“It was never the same again after we left San Francisco,” Rosie says. “That was definitely a transition. Before that, we were all living together and being together and we did that for a couple of years. It changed after that. Then it became different nuclear units—couples and families were starting. Then the gigs became the focal point, or the rehearsal place. But that was okay. By then we all needed a little more space.”

Anthem of the Sun came out in July 1968 and proved to be a challenging disc for Warner Bros. to market, even in an era when free-form FM radio stations were popping up all over the country. Nothing on the record was remotely “commercial” in the traditional sense—short and punchy—and since each side tracked continuously, it was difficult for deejays to, say, drop the needle onto “New Potato Caboose” and play only that. Rather than touring to promote the record, the Dead stayed in California the entire summer and actually began working on their third album in early September. It was as if the process of making Anthem of the Sun had been the important thing for the Dead—learning how to make a record themselves—and the end result was secondary.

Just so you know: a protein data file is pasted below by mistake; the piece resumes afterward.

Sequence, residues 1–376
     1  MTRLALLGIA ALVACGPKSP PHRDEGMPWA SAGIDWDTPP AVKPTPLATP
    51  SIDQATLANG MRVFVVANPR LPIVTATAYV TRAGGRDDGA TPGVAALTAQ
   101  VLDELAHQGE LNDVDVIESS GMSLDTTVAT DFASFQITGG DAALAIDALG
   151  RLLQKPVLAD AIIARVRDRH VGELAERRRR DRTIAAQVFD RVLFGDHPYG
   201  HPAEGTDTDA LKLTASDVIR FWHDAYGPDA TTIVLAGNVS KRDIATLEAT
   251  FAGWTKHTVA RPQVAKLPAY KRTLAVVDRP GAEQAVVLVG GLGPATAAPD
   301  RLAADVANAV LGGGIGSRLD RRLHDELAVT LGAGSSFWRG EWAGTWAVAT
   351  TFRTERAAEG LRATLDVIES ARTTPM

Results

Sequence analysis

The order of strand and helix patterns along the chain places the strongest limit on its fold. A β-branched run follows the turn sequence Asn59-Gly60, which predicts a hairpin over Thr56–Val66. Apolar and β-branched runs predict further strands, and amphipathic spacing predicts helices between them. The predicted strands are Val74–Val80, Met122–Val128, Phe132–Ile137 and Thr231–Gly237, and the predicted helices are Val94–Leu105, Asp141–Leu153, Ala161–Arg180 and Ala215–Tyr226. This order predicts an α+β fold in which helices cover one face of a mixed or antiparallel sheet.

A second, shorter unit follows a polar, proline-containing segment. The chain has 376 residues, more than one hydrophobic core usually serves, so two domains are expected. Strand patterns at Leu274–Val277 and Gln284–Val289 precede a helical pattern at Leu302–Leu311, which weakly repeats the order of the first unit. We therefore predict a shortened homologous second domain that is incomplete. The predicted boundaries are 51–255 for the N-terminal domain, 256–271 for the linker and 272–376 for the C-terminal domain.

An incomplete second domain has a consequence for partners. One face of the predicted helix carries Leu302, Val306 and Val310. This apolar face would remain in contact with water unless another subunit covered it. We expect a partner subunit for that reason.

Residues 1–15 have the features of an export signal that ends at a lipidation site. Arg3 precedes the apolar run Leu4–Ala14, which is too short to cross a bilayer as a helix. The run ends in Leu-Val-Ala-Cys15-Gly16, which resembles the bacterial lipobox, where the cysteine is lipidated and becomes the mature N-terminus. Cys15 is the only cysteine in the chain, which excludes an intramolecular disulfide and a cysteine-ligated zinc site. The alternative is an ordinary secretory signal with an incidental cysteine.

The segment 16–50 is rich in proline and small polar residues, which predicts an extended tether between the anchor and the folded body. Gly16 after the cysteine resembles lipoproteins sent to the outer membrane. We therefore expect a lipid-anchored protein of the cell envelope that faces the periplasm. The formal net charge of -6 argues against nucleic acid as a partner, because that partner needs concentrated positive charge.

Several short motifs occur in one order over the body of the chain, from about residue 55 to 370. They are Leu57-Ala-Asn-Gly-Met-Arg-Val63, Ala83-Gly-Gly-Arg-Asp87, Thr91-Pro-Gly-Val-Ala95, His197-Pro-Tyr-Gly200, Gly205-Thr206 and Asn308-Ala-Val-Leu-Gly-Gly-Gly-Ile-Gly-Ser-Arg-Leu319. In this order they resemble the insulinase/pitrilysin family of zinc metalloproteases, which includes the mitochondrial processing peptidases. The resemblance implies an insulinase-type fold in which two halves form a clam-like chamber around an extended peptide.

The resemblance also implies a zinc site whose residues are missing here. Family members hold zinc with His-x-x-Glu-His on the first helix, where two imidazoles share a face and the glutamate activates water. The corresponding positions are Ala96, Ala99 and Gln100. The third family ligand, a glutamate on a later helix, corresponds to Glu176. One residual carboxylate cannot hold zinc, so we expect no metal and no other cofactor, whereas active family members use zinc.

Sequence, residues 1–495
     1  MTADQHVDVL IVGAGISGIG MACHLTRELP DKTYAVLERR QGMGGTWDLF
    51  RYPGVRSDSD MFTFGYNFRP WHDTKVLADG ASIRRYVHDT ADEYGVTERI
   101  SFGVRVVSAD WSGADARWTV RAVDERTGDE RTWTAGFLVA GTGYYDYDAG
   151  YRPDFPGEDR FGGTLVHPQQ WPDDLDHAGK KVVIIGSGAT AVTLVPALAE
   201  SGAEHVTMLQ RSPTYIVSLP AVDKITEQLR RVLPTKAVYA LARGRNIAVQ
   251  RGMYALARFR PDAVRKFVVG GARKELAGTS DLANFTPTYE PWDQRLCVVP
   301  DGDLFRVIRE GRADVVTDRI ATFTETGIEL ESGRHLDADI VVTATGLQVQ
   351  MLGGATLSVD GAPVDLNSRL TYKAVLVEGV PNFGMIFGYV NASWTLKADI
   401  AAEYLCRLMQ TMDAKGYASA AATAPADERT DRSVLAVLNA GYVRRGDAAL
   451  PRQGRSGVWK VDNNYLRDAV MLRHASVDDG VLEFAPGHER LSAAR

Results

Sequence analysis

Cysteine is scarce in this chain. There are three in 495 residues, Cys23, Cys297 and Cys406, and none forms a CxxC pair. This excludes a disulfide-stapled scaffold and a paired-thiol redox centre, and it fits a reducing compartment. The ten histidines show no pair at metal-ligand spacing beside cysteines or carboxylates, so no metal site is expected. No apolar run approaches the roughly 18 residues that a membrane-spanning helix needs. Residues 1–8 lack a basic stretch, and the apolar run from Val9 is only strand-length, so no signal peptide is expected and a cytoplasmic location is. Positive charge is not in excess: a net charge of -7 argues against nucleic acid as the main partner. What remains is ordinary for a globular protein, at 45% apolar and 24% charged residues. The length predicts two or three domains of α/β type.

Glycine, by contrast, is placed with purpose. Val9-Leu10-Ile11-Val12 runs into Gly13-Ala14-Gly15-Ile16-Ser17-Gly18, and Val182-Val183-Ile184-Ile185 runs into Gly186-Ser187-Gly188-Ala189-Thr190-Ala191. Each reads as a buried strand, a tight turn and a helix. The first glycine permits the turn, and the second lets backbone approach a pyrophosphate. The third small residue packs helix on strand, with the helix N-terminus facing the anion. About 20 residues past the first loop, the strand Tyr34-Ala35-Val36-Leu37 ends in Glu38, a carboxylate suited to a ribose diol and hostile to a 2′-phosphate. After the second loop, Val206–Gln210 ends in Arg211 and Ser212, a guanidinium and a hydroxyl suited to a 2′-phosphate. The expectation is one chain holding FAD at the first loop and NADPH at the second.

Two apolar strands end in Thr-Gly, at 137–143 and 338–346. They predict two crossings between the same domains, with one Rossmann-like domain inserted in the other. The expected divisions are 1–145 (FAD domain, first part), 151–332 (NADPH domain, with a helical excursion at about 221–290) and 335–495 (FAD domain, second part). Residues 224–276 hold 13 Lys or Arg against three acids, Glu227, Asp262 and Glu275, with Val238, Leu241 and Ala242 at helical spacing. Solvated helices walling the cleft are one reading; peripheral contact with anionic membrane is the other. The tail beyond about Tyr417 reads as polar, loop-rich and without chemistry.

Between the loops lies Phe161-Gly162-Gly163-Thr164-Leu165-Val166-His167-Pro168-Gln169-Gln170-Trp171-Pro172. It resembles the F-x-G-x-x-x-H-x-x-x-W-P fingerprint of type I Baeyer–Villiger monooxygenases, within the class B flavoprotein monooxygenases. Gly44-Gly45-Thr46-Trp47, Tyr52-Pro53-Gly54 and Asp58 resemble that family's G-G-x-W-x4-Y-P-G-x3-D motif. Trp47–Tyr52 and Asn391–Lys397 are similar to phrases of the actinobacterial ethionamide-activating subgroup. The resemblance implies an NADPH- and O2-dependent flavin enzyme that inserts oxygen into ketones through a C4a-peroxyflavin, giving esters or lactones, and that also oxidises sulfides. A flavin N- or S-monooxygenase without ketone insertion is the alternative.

By that summer, the songwriting partnership of Garcia and Hunter was picking up steam. Joining “China Cat” and “Dark Star” in their canon that June was a big, rubbery rock song called “Saint Stephen,” with music by Garcia and Lesh, tandem lead vocals by Garcia and Weir, and a catchy central riff that sounded almost like a spry Elizabethan dance played on rock instruments. Hunter said he wrote the lyrics over the course of a couple of inspired evenings with a light, lilting feel in mind, “and then [the band] put this up-against-the-wall-motherfucker arrangement on it. We came up with a hybrid that hit between the eyes!”